Tuesday, April 19, 2011
Take Me Out to the Ballgame.....
The picture is of Seth, one of our Indianapolis grandchildren. It was taken a few years ago when he was involved with community baseball and he was good, Today, he is a tall, gangly, good natured high schooler with an almost 3.9 grade level and too much school work to be involved with a lot of sports, and besides, he is getting to be a really big computer addict. But we remember his baseball days with a cheer or three.
When I was in grade school, we'd play a form of baseball during lunch hour. It was a steep uphill run from home base to first, and equally steep run downhill from third to home plate. I guess one evened the other out but it WAS a challenge for a slow person to make it to first. If the ball was hit over the fence it was an out (not a home run), but if the ball was hit into the outhouse enclosures it was an automatic double.
I was manager of my high school baseball team - at least for a while. As manager I kept scoring records - that is, until I made a mistake on the score sheets which made the other team the winner. I was angry but nowhere near as angry as some of the players and our coach who suggested I'd better go to a refresher math class before I would keep score again.
My first major league experience was a game at Yankee Stadium where the Yanks were playing the Cleveland Indians. The only things I remember was the size of the stadium and that Cleveland's ace Bob Feller was pitching. I think the unthinkable
happened - the Yankees lost. Beyond that, I remember little about who composed the teams other than Feller.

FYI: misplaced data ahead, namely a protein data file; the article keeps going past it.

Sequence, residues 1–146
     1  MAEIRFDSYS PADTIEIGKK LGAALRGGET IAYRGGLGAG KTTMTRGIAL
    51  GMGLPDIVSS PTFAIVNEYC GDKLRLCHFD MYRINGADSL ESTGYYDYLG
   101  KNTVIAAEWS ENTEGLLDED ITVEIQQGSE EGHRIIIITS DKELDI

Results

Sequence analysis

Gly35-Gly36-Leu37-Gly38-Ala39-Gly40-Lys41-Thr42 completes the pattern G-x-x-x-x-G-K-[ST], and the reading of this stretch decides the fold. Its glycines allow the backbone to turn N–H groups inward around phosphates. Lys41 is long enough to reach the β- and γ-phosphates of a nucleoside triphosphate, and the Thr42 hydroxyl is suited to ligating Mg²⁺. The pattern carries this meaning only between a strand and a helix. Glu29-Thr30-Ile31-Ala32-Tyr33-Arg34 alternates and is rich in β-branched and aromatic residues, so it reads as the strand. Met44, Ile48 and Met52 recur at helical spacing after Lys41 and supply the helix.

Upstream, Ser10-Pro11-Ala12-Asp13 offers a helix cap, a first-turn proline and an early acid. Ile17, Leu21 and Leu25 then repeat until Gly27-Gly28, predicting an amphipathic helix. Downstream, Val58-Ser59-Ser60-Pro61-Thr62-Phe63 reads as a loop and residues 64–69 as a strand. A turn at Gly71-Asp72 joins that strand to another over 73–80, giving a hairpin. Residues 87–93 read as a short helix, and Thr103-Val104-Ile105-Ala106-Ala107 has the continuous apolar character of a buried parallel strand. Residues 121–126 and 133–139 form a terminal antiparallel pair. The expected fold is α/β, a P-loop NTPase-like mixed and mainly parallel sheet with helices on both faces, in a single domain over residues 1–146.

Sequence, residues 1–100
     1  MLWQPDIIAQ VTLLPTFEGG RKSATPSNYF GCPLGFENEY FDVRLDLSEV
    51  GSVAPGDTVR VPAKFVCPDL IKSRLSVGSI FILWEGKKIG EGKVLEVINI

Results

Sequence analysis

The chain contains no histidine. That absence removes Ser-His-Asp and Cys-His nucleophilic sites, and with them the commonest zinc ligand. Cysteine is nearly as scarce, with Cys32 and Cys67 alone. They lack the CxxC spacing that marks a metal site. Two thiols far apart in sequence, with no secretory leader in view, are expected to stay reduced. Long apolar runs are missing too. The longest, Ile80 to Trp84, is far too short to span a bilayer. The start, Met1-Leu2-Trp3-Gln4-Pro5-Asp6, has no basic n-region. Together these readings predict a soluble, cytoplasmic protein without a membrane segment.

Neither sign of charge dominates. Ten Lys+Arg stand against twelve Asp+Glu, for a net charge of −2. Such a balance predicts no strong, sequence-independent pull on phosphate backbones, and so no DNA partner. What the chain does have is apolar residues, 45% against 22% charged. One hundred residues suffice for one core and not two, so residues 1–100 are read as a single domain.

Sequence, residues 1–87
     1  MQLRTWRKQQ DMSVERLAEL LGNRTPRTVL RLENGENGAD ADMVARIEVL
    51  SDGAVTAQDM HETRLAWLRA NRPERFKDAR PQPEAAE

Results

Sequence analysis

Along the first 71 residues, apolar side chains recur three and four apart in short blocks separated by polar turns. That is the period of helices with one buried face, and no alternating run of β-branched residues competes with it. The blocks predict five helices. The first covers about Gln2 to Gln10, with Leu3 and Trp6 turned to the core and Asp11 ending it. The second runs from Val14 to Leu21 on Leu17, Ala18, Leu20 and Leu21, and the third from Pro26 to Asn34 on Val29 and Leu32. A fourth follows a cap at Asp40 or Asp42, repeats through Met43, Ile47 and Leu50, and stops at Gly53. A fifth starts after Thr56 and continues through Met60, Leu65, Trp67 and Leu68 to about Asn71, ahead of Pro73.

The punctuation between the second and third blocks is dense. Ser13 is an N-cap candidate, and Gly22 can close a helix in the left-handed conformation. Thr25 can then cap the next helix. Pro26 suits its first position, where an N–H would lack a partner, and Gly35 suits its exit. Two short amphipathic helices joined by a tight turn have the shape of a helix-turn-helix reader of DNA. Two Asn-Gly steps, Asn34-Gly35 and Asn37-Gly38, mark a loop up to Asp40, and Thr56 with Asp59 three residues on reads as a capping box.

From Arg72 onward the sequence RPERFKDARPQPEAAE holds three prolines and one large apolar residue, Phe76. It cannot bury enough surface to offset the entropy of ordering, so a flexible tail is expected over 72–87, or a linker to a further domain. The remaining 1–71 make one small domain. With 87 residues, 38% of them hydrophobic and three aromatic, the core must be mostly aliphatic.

But one of my best baseball memories was of the community games in the flatlands downhill from where we lived. Several teams came together in a league of sorts and the games had almost more thrills than in major league baseball. Unlike high paid major leage players, our community league players did it for the fun of the game. There was no backstop so occasionally baseballs missed by the catcher would end up in the creek behind home plate. Since it was a cow pasture, There were moments when players would slide into what they presumed were base pads only to discover that it was, instead, a prominent slimy, smelly, souvenir of a cow. We watched the game from outfield since there was no viewing area behind the plate and occasionally a spectator would catch a long fly ball which always caused a major league discussion as to whether the catch was legal, and the person who caught the ball like as not was recruited to be on the team.
There are lot of good memories in baseball but it doesn't seem the same. Todays bases are clearly marked, the basepaths nicely raked, there are backstops and there are some girl teams that play a really good ball game. And so the game goes on but in some ways it not quite the same as cow pasture baseball. Some things may be gone but they are not forgotten.